Did the Bank War cause the Panic of 1837? Richard Hofstadter from The American Political Tradition and the Men
Who Made It believes President Andrew Jackson’s refusal to recharter the Bank of the United States was politically
popular but economically harmful to the long-term growth of the United States. Peter Tenim, from The Jacksonian
Economy, believes international factors, such as changes in the monetary policies of the Bank of England, the
supply of silver from Mexico, and the price of southern cotton, were far more important than Jackson’s banking
policies in determining fluctuations in the 1830s economy. The two intelligent men present their facts and arguments
well and make it hard for the reader to mold their opinion for either side. After reading both arguments and
thoroughly reviewing the facts stated, I took the side of Peter Tenim by saying that the war against the Bank of the
United States was not the cause of the Panic of 1837.
I have to agree with Mr. Tenim simply because there were more factors present in his opinion involving the Panic of
1837. The opinion of Mr. Hofstadter revolved around one factor, which was the war against the Bank of the United
States. In order to somewhat disprove Mr. Hofstadter’s theory, I believe we have to analyze the relationship between
President Andrew Jackson and Nicholas Biddle, who at the time was the President of the Bank. Mr. Jackson was
very much a man of the middle class. He believed in the American dream of becoming an entrepreneur and the
opportunity to create wealth for oneself. He disliked the cheap and sometimes-worthless paper money the banks
printed. The only money he trusted was hard money, gold and silver. He was especially bitter against the Bank of
the United States, which with its monopoly of the government’s business was a symbol of all hated special privilege.
He thought it was evil as well as unconstitutional, and he loathed it. More impo!
rtantly though, he was a person who had experience using the so-called capital makers of the time and trying to start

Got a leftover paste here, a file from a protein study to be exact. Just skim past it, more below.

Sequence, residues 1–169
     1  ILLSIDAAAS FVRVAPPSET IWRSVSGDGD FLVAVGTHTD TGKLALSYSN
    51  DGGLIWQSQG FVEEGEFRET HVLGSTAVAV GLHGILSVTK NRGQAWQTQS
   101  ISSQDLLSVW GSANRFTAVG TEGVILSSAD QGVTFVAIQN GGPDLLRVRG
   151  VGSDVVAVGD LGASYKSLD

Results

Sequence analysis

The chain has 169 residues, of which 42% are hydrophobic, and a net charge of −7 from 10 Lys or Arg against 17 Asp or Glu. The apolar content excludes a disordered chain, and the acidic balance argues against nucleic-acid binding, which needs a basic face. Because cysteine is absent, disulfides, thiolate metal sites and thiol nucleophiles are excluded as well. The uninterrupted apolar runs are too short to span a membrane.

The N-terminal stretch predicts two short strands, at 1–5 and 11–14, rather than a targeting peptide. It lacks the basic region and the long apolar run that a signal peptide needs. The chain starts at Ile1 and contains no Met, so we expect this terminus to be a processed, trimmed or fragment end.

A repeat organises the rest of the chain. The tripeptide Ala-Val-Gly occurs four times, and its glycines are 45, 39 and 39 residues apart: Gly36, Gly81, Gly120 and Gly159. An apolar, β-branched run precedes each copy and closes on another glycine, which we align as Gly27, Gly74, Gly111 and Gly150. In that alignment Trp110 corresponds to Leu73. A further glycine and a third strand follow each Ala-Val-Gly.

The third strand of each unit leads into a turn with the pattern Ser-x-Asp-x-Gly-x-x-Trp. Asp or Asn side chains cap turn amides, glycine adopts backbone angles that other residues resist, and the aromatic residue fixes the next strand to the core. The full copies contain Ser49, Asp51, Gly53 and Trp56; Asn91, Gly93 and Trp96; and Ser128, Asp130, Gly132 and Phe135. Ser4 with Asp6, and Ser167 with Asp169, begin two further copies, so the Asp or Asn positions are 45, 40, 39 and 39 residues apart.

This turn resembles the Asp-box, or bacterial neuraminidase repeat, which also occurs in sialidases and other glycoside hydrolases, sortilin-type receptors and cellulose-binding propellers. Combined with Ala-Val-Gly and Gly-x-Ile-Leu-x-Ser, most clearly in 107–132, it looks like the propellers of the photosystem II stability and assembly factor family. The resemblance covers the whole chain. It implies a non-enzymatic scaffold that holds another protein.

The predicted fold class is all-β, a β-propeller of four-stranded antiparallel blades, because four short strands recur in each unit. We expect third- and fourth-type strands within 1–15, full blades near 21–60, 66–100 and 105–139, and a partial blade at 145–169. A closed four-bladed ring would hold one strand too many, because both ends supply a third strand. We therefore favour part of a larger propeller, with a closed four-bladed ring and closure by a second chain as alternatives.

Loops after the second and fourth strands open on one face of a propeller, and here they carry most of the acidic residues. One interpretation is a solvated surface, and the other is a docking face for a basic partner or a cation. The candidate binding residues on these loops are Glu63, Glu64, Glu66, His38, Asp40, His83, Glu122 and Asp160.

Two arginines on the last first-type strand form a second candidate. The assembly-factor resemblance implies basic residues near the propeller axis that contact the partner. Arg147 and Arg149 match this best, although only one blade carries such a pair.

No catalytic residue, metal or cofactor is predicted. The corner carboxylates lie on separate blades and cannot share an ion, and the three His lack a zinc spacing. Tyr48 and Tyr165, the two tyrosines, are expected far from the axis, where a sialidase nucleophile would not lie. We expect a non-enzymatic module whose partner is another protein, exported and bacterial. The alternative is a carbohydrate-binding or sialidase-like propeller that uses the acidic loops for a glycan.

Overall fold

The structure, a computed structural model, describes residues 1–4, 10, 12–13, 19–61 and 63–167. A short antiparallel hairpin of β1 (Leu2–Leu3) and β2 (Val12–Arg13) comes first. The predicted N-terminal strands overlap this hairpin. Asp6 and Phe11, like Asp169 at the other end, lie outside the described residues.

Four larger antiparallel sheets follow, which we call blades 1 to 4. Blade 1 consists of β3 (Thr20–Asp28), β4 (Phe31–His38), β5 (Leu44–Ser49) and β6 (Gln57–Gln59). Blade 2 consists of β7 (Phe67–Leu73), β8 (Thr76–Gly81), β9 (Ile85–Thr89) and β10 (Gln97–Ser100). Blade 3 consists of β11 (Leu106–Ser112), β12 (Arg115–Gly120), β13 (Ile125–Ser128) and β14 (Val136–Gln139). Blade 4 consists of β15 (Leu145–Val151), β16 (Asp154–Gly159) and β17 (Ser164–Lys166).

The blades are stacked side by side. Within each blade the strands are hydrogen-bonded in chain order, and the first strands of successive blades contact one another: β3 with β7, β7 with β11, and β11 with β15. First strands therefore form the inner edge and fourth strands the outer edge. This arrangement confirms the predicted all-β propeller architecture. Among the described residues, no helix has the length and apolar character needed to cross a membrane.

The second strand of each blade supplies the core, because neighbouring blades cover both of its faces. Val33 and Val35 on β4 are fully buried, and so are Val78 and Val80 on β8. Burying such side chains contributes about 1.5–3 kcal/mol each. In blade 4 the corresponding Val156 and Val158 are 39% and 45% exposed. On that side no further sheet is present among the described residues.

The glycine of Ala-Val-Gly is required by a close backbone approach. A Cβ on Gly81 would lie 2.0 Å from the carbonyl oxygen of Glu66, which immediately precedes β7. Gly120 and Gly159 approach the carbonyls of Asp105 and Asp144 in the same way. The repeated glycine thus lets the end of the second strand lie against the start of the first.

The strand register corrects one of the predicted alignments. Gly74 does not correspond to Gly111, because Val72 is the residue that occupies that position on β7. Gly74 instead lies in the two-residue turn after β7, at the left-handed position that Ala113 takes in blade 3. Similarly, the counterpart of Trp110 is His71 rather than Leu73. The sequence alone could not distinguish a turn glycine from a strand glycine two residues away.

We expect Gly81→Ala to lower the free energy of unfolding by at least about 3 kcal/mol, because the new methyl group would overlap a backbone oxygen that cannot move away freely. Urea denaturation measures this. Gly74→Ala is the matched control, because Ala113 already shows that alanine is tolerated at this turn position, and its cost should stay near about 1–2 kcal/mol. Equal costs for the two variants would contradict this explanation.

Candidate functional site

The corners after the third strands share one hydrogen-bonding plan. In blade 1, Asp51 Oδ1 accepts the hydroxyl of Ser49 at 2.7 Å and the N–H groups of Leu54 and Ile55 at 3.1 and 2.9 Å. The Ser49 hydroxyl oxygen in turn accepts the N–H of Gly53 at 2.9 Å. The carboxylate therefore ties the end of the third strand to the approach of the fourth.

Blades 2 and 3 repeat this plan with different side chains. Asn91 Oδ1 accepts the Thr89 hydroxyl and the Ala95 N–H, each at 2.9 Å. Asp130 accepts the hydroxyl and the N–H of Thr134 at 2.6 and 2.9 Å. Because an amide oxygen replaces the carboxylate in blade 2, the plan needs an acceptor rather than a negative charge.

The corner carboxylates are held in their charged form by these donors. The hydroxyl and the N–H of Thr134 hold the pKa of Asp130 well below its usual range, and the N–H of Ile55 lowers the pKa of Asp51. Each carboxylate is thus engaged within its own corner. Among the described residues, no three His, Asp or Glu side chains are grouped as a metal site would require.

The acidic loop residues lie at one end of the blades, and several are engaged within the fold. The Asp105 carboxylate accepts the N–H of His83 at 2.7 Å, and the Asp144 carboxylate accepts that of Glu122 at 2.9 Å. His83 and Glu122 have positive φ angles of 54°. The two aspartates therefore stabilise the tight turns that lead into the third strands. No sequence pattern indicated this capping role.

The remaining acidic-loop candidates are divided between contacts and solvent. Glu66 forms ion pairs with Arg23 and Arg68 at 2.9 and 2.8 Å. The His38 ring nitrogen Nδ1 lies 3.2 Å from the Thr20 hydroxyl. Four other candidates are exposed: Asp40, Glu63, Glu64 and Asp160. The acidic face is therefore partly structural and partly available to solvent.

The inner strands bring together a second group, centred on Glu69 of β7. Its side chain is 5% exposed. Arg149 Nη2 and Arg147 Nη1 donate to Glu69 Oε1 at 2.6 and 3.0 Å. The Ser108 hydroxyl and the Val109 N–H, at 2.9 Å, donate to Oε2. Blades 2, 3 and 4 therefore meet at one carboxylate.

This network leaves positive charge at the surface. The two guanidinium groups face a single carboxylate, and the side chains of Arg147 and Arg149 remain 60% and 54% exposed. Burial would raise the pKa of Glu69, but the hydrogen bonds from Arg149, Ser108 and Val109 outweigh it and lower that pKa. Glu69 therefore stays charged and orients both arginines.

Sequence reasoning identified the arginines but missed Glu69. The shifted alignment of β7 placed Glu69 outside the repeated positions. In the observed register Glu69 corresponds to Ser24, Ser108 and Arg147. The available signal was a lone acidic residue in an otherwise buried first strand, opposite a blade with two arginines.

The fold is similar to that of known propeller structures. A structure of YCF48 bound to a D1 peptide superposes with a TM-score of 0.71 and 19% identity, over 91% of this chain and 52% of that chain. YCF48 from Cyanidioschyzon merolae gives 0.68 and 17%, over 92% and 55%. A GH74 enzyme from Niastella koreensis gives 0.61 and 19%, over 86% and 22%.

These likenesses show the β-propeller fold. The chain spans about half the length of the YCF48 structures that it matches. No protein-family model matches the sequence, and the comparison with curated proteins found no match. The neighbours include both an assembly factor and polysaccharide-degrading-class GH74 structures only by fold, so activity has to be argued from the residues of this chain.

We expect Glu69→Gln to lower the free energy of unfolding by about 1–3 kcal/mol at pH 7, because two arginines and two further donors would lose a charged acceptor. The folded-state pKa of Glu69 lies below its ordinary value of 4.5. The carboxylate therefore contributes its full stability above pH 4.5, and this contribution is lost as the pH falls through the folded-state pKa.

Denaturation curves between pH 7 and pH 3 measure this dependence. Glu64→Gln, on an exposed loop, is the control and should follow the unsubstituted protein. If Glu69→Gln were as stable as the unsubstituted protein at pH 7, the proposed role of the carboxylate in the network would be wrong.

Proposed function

businesses. For example, the one time in his career President Jackson owned land, which he sold to various
individual and received notes as payments. Unfortunately, these buyers were unable to pay back the notes and
President Jackson lost his land. He then had to start from scratch. He also had become a debtor and due to financial
hardships, he was unable to pay off his own debts. President Jackson was faced with a double-sided sword because
people were unable to repay the debts owed to him, while at the same time he could not pay the debts he owed to
others. Nicholas Biddle, on the other hand, was an entirely different man. Biddle knew how Jackson felt about the
Bank but wanted the President to be on good terms with it. Henry Clay, though, saw the Bank issue as a way to
defeat Jackson in the 1832 election. Clay induced Biddle to apply for a new charte!
r for the Bank early in 1832. He believed that if Jackson dared to veto the recharter bill, he would lose the election.
The plan did not go according for Mr. Clay and Mr. Biddle and Jackson was still the favorite among the people.
President Jackson and Nicholas Biddle were never met good terms with each other and their relationship was one of
argument and disagreement. In my opinion, Biddle wanted to keep the Bank of the United States intact for the sole
purpose of benefiting the aristocrats and the politically involved. Biddle was not, though, the cause of the Panic of
1837. The depression of the early 1840s was neither as serious as historians assume nor the fault of Biddle. It was
primarily a deflation, as opposed to a decline in production, and it was produced by events over which Biddle had
little control over.
Mr. Jackson’s view of banks was a very distressing one. He, along with the people of his party, believed the same
ideology that the banks were in favor of the wealthy and those with political advantage. The only people who
benefited from the banks were the “wall-street” types and people who had a rather great influence in the political
arena. I believe